Plane plunges 17,500 feet after pilot discusses icing
The pilot of a small plane that crashed onto a busy highway Tuesday had spoken with air traffic controllers about icing shortly before the aircraft plunged 17,500 feet to the ground, killing the pilot, his wife and two children, the family dog and the pilot's co-worker.
Miraculously, the plane did not hit any cars on Interstate 287 in suburban New Jersey as it spun to the ground, shedding pieces of its wings and fuselage about 10 a.m. The pilot, Jeffrey Buckalew, owned the plane and had a pilot's license. Also aboard the plane, which was headed to the Atlanta area, were Buckalew's wife, Corinne; their two children, Jackson and Meriwether; Rakesh Chawla, who worked with Buckalew at a New York investment banking firm; and a dog.
The banking firm, Greenhill & Co., described Buckalew and Chawla as managing directors and said Buckalew was "an experienced pilot whose passion was flying."
About 14 minutes after the plane left New Jersey's Teterboro Airport, Buckalew asked air traffic controllers about icing, Robert Gretz of the National Transportation Safety Board told a news briefing. "Icing was the subject of the conversation, but I don't know further details," he said. Gretz refused to say whether ice on the small plane's wings could have caused it to spiral out of control.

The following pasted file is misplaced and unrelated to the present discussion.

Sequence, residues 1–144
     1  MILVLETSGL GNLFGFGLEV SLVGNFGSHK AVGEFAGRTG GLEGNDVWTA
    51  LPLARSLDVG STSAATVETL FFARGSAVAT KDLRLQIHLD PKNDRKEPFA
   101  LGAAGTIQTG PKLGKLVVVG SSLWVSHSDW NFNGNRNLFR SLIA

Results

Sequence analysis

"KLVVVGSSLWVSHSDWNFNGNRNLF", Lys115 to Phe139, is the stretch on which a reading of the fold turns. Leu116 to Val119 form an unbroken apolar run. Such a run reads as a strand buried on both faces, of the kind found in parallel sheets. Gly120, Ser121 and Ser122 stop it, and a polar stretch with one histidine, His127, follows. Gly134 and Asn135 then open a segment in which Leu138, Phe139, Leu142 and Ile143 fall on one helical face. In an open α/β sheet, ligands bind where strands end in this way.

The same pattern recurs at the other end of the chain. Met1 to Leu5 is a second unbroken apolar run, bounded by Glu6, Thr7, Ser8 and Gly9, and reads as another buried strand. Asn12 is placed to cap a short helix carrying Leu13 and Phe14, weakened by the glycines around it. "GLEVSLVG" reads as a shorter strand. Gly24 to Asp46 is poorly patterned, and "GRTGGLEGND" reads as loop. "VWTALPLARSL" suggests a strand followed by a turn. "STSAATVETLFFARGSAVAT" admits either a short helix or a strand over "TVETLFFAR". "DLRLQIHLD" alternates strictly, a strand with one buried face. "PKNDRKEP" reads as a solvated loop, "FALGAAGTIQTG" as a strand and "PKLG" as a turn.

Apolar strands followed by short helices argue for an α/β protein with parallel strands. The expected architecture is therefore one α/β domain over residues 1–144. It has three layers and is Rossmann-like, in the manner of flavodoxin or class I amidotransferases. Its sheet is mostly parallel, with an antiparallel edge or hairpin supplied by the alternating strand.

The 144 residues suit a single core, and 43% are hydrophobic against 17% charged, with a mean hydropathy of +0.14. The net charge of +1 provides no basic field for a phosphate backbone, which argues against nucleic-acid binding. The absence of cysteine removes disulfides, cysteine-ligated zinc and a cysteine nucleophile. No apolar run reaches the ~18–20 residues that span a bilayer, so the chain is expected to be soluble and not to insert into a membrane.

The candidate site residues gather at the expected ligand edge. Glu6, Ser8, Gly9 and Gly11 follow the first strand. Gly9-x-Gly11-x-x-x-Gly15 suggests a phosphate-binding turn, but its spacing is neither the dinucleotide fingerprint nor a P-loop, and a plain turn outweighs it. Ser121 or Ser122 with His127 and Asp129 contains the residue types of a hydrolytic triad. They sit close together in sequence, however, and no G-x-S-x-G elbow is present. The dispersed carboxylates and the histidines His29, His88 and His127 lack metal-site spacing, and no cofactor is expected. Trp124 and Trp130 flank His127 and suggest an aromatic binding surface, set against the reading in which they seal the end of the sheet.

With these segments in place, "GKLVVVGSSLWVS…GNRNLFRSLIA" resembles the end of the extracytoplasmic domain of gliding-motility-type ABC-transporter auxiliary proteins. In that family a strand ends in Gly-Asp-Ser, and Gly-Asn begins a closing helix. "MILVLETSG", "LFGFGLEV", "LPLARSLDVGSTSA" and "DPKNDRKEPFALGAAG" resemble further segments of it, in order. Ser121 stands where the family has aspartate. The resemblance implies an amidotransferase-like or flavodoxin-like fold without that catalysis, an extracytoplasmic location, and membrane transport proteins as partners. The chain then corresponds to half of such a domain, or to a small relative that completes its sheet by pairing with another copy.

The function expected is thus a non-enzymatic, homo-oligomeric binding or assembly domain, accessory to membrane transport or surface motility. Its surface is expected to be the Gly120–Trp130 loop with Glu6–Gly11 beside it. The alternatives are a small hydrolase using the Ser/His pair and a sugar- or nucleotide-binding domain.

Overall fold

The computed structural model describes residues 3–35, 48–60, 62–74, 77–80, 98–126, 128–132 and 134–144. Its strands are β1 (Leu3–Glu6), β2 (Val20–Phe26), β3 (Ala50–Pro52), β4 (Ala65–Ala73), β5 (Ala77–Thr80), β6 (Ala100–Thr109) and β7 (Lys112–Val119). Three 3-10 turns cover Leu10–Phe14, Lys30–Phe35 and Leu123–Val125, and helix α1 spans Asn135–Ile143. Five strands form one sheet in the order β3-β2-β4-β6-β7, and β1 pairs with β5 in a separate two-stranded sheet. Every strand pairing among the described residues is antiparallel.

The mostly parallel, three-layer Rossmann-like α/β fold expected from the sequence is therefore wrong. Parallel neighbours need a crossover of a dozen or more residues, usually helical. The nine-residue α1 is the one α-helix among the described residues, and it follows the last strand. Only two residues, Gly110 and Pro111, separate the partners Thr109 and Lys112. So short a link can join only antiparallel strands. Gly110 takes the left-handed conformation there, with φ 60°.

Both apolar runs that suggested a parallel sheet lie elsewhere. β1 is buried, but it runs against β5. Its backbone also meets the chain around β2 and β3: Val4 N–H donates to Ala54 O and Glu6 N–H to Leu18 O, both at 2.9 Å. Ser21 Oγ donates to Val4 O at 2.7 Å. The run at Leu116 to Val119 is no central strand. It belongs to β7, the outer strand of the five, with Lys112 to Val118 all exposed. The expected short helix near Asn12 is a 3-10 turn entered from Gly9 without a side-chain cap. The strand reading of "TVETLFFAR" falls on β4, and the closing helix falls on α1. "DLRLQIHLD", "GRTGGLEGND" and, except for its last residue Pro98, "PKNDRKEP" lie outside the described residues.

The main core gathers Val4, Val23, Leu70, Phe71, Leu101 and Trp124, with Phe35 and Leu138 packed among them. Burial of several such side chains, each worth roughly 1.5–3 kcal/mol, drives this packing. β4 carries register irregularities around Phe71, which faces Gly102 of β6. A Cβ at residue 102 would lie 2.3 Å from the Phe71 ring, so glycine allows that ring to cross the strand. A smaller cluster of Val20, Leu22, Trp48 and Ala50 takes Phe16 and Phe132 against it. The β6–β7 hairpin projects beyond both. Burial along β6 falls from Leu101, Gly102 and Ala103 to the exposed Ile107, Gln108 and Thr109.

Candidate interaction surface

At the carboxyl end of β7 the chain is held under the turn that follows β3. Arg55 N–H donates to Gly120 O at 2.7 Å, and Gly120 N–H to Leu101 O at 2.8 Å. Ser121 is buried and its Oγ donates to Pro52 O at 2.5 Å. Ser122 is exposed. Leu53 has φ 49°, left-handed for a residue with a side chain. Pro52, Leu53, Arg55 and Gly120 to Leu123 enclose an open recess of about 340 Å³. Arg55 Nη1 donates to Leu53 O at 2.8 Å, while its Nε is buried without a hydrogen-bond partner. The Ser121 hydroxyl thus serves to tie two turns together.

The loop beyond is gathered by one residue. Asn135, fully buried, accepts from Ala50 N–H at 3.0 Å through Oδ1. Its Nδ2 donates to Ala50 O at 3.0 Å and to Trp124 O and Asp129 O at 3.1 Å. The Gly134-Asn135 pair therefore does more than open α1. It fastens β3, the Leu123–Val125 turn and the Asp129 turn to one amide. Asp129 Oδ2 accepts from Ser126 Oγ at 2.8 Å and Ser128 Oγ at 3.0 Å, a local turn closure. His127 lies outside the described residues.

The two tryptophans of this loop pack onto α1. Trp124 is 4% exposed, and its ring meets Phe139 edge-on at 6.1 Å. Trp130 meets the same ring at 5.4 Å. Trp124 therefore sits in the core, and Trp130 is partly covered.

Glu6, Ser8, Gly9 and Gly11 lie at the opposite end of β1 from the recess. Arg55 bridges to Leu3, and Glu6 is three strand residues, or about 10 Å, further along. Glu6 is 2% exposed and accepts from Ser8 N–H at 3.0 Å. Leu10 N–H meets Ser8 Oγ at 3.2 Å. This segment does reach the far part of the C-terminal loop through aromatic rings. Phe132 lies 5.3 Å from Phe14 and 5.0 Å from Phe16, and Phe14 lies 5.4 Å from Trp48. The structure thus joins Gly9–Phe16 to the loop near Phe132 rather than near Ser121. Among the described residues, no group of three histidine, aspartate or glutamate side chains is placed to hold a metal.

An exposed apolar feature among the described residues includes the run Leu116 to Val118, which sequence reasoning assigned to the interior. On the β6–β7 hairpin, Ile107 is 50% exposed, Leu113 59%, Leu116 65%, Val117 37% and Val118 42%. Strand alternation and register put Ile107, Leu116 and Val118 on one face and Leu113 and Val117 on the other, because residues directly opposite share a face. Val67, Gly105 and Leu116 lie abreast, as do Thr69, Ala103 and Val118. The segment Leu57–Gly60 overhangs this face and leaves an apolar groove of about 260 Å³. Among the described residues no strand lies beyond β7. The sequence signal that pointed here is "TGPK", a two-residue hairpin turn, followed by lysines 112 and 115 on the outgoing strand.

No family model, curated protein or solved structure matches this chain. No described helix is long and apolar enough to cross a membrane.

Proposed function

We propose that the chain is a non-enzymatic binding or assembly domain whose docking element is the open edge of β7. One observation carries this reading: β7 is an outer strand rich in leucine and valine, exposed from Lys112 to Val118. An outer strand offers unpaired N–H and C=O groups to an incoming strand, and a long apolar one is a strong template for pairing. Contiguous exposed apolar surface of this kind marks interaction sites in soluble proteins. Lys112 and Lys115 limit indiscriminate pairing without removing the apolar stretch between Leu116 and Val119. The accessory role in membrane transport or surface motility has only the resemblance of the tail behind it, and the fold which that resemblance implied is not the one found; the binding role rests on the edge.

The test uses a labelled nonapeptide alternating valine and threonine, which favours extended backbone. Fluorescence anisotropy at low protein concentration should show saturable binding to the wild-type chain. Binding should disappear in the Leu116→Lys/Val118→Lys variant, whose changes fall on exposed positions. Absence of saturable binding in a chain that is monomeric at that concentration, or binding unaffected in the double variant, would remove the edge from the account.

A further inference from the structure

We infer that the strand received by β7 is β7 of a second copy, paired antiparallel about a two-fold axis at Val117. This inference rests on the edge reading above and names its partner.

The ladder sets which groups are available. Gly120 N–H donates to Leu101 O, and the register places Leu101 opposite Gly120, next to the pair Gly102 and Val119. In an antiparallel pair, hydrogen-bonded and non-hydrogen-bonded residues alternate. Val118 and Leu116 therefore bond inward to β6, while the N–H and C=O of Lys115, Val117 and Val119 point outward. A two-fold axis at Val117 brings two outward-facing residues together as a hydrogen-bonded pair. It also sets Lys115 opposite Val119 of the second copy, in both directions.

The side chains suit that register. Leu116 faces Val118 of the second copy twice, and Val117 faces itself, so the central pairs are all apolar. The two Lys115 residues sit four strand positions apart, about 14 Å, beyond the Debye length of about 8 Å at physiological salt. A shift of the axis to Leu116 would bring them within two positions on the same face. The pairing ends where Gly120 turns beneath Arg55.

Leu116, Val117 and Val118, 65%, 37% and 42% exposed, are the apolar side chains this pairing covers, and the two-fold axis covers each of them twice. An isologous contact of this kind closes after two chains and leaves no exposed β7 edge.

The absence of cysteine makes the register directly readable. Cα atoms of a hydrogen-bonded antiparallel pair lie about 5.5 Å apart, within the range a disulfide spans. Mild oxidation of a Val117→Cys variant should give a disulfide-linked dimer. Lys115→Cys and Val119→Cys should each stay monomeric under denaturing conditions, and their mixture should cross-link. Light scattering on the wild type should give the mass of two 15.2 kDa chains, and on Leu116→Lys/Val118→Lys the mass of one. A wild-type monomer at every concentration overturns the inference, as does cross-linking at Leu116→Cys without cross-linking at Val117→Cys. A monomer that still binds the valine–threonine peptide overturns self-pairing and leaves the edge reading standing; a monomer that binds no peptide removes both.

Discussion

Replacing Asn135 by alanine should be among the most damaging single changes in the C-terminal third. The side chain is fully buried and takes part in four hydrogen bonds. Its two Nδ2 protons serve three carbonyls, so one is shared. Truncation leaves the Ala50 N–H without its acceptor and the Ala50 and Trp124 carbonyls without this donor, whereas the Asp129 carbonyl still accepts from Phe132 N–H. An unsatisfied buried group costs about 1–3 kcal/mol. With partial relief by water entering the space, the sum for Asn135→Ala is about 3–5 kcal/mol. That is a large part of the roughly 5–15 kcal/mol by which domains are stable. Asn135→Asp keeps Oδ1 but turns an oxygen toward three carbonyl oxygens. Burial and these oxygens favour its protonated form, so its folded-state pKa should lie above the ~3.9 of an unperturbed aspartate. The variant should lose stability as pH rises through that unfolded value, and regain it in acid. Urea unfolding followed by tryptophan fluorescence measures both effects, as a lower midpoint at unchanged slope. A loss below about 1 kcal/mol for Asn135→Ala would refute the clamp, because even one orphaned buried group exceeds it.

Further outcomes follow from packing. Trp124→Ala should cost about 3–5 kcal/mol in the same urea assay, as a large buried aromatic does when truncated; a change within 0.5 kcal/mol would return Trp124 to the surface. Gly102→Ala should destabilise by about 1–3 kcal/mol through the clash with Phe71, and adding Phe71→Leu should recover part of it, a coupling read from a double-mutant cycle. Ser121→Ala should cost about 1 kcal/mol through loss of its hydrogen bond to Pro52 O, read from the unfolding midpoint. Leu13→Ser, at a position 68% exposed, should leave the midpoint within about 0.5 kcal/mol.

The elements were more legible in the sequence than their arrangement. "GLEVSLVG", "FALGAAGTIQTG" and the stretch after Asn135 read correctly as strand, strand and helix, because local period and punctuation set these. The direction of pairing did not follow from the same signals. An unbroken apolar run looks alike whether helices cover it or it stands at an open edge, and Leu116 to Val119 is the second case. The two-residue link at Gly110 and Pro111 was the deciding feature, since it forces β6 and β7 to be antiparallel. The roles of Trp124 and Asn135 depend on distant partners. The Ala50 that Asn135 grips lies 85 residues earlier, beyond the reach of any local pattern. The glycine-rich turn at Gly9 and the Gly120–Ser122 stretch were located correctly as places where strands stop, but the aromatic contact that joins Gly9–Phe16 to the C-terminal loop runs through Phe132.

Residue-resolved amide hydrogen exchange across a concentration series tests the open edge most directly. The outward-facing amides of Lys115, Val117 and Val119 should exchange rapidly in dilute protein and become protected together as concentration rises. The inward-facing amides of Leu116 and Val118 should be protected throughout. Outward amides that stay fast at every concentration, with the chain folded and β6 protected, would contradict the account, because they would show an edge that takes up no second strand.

Wreckage was strewn for more than half a mile over the suburban area, which is about 45 miles west of New York City. The crash occurred in view of people driving along the heavily traveled highway.
"It was like the plane was doing tricks or something, twirling and flipping," one witness, Chris Covello, told the Associated Press. "It started going straight down. I thought any second they were going to pull up. But then the wing came off and they went straight down."
The plane was a French-made Socata TBM-700, which can carry six people. It did not have a black box and was not equipped with a de-icing system.
-- Tina Susman in New York